It is always good to be together and our time together during the congregational dialogues was no different. On Sunday afternoon participants of the ACM were invited to gather on the basis of the size of their congregations. The focus for all of the groups was to identify and share initiatives and practices that have contributed to increased congregational vitality.
Approximately 25 participants came out to the small congregation gathering. There were many positive initiatives that were shared including the significant impact that Part-time Ministry has made for a number of small congregations. Those congregations that were able to acquire Part-time Ministers found that it helped give their congregation focus and direction.
The initiative that generated the most interest by the small congregation participants was a very intentional process that was used by the Comox Valley Unitarian Fellowship. Prior to hiring their part-time Minister, Comox developed their Mission statement. After joining the congregation, Rev. Meg Roberts and their leadership used their mission statement as a vetting process in relationship to every aspect of congregational life, in addition to soliciting feedback to determine what was working. Comox Valley also created a Covenantal Agreement rather than a rental relationship with the United Church where they share not only a building but many other things such as a film night, Religious Education, Taize service, and a joint service once a year.
The 20 participants at the medium congregation gathering focused on 3 areas for discussion: visibility/outreach, building issues, and music/choir. Congregations are clearly making efforts to increase visibility in their communities. Beyond well-known PRIDE parades and expanded offerings, simply doing visible things also seems important. Examples were a solstice service at Edmonton City Hall that sees an attendance of 400, and placing UU kids’ bookmarks in libraries and coffee shops. Several vouched for the effectiveness of a wayside pulpit (especially humorous signs) in attracting people, using the walls of your building to speak to outside users about Unitarianism, and the visual impact of colourful team t-shirts at public events.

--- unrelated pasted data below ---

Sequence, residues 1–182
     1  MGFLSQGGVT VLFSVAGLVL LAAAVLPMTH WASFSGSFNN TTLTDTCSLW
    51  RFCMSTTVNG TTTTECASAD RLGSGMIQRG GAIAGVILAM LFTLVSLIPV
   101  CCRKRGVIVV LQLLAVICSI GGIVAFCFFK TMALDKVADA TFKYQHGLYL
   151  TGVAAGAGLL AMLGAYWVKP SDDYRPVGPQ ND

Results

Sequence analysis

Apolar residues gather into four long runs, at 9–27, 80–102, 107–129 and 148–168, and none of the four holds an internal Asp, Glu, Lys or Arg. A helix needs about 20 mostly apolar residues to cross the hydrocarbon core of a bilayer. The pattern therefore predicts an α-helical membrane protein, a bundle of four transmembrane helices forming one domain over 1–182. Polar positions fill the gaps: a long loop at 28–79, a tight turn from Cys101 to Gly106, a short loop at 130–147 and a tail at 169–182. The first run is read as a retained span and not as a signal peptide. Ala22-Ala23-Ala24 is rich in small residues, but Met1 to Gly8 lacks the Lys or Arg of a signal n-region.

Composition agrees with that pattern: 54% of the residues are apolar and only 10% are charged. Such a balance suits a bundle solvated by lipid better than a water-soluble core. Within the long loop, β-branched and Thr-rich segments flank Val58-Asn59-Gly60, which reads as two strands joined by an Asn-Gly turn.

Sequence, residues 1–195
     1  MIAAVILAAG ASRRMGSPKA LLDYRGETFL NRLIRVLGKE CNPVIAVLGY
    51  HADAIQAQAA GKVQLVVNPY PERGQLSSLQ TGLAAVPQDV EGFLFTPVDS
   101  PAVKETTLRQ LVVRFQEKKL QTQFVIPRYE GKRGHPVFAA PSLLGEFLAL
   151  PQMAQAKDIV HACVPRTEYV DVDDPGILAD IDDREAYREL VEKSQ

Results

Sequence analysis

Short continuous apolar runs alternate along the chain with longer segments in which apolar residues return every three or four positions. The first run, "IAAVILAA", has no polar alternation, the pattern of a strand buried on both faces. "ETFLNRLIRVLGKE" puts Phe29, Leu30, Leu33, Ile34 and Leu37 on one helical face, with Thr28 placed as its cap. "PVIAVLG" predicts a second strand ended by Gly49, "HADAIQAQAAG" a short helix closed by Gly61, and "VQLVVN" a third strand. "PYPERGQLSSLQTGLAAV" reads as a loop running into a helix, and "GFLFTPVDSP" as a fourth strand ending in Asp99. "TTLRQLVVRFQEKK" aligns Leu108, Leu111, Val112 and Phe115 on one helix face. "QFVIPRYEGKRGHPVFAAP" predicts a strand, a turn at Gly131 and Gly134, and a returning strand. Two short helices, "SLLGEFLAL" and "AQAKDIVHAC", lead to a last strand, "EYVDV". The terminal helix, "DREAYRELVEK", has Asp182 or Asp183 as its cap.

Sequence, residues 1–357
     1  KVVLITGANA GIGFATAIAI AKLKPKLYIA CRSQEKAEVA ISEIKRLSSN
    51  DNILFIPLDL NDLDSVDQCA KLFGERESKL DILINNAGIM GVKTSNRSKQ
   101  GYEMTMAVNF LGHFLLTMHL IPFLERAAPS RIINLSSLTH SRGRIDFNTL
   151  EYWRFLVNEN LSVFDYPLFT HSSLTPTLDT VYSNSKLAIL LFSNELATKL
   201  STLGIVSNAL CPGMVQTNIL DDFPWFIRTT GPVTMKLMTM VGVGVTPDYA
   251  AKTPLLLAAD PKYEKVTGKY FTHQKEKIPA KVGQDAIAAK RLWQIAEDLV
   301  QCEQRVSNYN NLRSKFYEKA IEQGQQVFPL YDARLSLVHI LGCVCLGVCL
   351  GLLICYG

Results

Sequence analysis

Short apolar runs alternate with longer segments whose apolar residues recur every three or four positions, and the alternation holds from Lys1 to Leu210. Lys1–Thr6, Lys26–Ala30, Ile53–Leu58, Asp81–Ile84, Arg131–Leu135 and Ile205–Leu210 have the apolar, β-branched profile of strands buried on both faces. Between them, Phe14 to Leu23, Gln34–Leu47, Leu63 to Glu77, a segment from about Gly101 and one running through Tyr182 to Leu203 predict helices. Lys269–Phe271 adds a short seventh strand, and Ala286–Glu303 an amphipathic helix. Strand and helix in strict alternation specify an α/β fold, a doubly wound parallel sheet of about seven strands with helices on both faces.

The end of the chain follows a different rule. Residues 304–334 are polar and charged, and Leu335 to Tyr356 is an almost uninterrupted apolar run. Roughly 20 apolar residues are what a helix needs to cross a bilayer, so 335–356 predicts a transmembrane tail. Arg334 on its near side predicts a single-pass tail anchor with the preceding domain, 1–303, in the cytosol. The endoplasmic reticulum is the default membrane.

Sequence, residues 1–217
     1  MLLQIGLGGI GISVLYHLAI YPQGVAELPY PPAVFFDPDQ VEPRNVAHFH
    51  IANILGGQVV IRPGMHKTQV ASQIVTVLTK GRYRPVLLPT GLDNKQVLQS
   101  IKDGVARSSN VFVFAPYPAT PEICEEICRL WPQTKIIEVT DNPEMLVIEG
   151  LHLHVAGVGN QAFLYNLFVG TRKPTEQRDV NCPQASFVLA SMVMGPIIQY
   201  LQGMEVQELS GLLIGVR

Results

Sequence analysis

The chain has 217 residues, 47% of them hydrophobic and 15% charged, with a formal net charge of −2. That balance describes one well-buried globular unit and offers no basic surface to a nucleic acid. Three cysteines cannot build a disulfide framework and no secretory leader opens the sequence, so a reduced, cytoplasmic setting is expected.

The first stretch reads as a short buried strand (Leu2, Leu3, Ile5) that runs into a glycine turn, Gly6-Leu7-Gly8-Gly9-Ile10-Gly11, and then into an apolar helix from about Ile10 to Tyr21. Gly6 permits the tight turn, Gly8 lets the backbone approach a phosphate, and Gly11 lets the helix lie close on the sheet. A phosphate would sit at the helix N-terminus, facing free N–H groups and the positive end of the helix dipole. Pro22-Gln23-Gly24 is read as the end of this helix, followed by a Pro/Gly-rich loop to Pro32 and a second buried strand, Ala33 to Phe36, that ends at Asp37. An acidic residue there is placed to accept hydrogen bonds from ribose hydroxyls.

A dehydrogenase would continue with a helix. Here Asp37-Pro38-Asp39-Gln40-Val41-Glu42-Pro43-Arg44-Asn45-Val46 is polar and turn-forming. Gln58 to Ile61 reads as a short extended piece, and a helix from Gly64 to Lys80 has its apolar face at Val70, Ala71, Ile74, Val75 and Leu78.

Words of wisdom about building issues included: use UU purposes and principles to guide decisions; incorporate an income stream as part of a project; access Northern Lights, a fundraising program; and consider the appeal to multi-faith users.
Key insights about choirs and music are that they are key to congregational vitality and need to be integrated in wholistic ways, e.g. paid positions should not be limited to choir but be ‘music direction.’ Creativity is needed to find ways to support staff. Integration of children, a spiritual dimension to practices and some variety of styles and instruments were other recommendations.
The Large Congregation dialogue session at the Annual Conference and meeting was well attended, with over 40 attendees. We started when participants identified current actions or strategies that contribute to congregational vitality. The list was impressive, but in the end, four items were determined as ‘most interesting’, and the group self-selected into discussion groups. They looked at the following topics; outreach, theme-based ministry, young adult engagements and projects that serve and heal the world. Each group developed ideas on how to deepen the practice, how others might adapt and adopt it to their own setting and what some of the best ideas for effectively doing the work in question.
The conversations, in part, looked a bit like shopping lists, itemizing things to do. However, shortly before the end of the session, I asked the groups to consider how the work or the topic they were discussing was a reflection of UU theology, or how it mattered, or what it meant in terms of congregational life. It was fascinating to see how the mood in the room changed. People paused, and asked why the item they were discussing mattered, how it could serve as an expression of congregational mission or how it could help the members, individually and collectively deepen in their UU understanding and identity.
For me, one of the most important take-aways was the need to always ask the questions that help people go beyond the technical solutions. There is always lots of work to do in congregations; choosing priorities will always be a challenge. Yet, when we ask the questions that encourage us to go beyond the to-do list, we are able to get at the heart of the matter. Work done with intent, with an eye to the bigger picture and to the congregational culture, is more likely to be productive and in the end truly foster congregational vitality.
Yee-ha! The 2013 Canadian Unitarian Council’s Annual General Meeting and Conference in Calgary was a resounding success. Two hundred and ten adults, 23 Young Adults, 42 youth and 10 children came out to connect, learn and worship together. Out of those who attended, 74 completed our online survey, and for 10 of those respondents, this was their first ever ACM (we hope you had a good time!)